Recent advances in passive and active imaging and non- imaging sensor technology offer the potential to detect weapons that are concealed beneath a person's clothing. Sensors that are discussed in this paper are characterized as either non-imaging or imaging. Non-imaging sensors include wide band radar and portal devices such as metal detectors. In general the strength of non-imaging sensors rest with the fact that they are generally inexpensive and can rapidly perform bulk separation between regions where persons are likely to be carrying concealed weapons and those regions that are likely to contain persons who are unarmed. The bulk process is typically accomplished at the expense of false alarm rate. Millimeter-wave (MMW), microwave, x-ray, acoustic, magnetic, and infrared (IR) imaging sensor technologies provide with greater certainty the means to isolate persons within a crowd that are carrying concealed weapons and to identify the weapon type. The increased certainty associated with imaging sensors is accomplished at the expense of cost and bulk surveillance of the crowd. CWD technologies have a variety of military and civilian applications. This technology focus area addresses specific military needs under the Defense Advanced Research Projects Agency's (DARPA) operations other than war/law enforcement (OOTW/LE). Additionally, this technology has numerous civilian law enforcement applications that are being investigated under the National Institute of Justice's (NIJ) Concealed Weapons Detection program. This paper discusses the wide variety of sensors that might be employed in support of a typical scenario, the strengths and weaknesses of each of the sensors relative to the given scenario, and how CWD breadboards will be tested to determine the optimal CWD application. It rapidly becomes apparent that no single sensor will completely satisfy the CWD mission necessitating the fusion of two or more of these sensors.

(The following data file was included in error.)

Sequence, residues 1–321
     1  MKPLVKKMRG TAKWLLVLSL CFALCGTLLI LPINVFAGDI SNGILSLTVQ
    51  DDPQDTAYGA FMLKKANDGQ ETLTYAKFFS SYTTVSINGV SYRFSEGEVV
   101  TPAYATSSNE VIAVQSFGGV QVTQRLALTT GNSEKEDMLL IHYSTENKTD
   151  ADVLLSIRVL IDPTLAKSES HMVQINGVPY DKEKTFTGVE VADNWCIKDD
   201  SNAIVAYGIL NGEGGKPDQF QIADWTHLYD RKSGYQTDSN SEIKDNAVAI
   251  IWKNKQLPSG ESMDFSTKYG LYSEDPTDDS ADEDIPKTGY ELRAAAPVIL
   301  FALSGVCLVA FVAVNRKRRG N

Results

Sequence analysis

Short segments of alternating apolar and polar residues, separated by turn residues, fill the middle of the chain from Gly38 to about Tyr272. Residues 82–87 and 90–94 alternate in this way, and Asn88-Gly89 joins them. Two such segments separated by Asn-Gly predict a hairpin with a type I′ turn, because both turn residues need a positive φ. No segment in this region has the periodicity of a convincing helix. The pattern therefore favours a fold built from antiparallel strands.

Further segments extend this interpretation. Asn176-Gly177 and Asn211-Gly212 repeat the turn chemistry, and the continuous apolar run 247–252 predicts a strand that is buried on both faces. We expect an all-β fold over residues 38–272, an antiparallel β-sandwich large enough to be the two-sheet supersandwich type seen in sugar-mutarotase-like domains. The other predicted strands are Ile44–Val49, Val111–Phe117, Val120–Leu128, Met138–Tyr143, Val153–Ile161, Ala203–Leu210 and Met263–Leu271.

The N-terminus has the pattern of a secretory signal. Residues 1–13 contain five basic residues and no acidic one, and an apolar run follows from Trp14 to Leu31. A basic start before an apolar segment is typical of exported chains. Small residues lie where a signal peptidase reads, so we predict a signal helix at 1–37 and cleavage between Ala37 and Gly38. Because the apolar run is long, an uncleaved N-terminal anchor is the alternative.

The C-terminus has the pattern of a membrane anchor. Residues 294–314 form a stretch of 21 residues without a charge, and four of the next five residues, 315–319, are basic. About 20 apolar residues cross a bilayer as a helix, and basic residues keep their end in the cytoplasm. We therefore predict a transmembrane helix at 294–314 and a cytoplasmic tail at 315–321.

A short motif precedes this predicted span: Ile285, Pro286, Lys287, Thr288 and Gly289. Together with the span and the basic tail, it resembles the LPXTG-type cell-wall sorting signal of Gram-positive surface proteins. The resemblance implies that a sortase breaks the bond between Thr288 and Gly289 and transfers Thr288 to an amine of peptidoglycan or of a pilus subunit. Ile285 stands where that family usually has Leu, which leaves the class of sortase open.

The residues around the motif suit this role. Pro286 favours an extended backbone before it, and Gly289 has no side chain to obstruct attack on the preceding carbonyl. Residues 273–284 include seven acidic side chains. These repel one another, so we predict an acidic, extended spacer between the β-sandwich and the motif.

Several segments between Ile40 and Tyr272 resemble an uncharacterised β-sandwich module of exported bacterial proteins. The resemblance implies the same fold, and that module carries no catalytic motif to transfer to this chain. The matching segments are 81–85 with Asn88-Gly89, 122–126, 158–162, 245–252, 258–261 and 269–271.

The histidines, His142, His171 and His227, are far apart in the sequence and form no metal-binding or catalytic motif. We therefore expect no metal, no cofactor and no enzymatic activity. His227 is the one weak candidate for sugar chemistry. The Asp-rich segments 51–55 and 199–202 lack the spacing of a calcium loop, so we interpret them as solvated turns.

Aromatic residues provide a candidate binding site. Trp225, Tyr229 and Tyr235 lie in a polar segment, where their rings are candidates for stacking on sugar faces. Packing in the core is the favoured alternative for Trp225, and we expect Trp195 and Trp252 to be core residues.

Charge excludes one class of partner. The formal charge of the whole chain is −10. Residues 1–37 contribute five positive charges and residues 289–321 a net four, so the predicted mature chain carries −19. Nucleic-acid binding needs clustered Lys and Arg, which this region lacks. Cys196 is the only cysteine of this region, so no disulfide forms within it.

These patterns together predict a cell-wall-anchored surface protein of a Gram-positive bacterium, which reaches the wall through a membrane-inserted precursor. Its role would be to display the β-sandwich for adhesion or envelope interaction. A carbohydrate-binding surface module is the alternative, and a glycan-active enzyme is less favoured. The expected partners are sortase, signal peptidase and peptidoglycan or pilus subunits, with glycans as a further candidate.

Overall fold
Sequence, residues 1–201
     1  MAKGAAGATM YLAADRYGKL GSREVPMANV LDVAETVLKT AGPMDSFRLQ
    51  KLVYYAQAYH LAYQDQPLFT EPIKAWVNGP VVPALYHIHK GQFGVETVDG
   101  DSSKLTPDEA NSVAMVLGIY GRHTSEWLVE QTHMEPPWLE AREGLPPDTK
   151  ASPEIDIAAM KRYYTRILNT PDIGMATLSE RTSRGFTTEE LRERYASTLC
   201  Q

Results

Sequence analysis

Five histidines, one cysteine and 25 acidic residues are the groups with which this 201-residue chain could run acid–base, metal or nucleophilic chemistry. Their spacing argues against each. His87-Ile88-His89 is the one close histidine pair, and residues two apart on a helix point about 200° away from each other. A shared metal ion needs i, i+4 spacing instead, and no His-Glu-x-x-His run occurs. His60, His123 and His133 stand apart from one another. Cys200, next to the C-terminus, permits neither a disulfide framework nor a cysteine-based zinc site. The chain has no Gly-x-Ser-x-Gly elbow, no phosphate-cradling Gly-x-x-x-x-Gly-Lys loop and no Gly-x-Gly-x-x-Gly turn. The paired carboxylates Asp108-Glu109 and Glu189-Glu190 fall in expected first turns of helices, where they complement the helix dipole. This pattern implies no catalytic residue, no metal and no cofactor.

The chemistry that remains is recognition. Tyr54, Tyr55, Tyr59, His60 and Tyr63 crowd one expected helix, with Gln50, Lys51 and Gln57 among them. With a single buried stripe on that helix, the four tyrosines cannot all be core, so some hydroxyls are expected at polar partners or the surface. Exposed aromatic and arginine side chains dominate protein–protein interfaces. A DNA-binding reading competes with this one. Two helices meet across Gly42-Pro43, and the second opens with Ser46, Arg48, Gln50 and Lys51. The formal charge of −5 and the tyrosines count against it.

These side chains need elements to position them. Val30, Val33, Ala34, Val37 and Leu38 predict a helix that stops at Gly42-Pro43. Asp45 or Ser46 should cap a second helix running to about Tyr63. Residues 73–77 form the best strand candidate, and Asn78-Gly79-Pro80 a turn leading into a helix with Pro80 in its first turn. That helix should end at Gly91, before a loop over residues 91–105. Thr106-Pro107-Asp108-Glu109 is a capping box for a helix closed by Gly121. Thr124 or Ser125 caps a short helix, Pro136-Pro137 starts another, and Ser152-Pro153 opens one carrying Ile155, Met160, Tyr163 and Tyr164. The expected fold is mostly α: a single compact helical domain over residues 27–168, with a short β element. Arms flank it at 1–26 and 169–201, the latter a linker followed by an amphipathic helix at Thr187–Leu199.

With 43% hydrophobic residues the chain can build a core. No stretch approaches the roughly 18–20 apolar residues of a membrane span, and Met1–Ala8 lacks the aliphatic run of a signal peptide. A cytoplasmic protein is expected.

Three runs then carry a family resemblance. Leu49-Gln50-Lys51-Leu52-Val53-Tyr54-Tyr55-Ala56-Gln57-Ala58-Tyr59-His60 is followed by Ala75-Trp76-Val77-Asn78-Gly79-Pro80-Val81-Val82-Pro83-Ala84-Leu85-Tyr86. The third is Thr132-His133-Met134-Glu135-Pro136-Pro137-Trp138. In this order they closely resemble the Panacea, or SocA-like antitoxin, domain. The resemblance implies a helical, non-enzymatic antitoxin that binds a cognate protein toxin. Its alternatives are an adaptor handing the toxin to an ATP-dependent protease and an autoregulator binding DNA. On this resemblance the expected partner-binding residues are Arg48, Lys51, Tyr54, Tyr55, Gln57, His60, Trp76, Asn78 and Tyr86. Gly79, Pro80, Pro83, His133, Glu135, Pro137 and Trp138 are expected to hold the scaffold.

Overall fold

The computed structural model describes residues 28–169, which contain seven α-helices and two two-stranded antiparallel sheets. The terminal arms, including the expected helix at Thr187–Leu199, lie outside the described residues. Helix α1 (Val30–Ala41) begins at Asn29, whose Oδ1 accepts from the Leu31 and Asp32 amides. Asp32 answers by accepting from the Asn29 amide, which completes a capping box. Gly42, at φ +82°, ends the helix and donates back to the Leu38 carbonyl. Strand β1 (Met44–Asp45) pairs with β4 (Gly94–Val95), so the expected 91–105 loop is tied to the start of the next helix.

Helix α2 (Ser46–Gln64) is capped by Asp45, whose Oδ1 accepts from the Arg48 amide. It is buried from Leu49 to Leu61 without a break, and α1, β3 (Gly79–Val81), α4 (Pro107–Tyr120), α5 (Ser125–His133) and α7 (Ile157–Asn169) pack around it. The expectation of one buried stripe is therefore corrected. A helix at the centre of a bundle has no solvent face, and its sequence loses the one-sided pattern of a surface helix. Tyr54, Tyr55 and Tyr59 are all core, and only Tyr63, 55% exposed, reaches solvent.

Recent advances in millimeter-wave (MMV), microwave, and infrared (IR) technologies provide the means to detect concealed weapons remotely through clothing and is some cases through walls. Since the developemnt of forward-looking infrared instruments, work has been ongoing in attempting to use these devices for concealed weapon detection based on temperatrue differences between metallic weapons and in the infrared has led to the development of techniques based on lower frequencies. Focal plane arrays operating MMW frequencies are becoming available which eliminate the need for a costly and slow mechanical scanner for generating images. These radiometric sensors also detect temperature differences between weapons and the human body background. Holographic imaging systems operating at both microwave and MMW frequencies have been developed which generate images of near photographic quality through clothing and through thin, nonmetallic walls. Finally, a real- aperture radar is useful for observing people and detecting weapons through walls and in the field under reduced visibility conditions. This paper will review all of these technologies and give examples of images generated by each type of sensor. An assessment of the future of this technology with regard to law enforcement applications will also be given.
Approximately half of all aircraft related deaths are caused by weather. Perhaps the most dangerous and unpredictable weather phenomenon is wind shear, which usually takes the form of a strong downdraft which is especially hazardous for large jet transports on landing approach. This paper describes a three channel radiometer operating on the low- frequency wing of the 60 GHz oxygen absorption line which should be able to detect a wind shear event at a distance of up to 10 km in addition to measuring its distance and temperature.
This paper describes a compact, high speed 95 GHz scanned antenna designed for collecting radar data from an airborne platform. This antenna consists of a corrugated horn feeding an f∶1 parabolic reflector through a hole in the scanning mirror, as shown in Figure 1. Radiation exiting the horn is thus collimated by the parabola and is incident on the flat scanning mirror, from whence it is steered to the desired angle. The collimated output is incident on the scanner in such a way that the angle is doubled, so that greater angular coverage can be obtained for a given mirror angular velocity. The scanner operates in only one axis; coverage of the other dimension is given by the forward motion of the aircraft.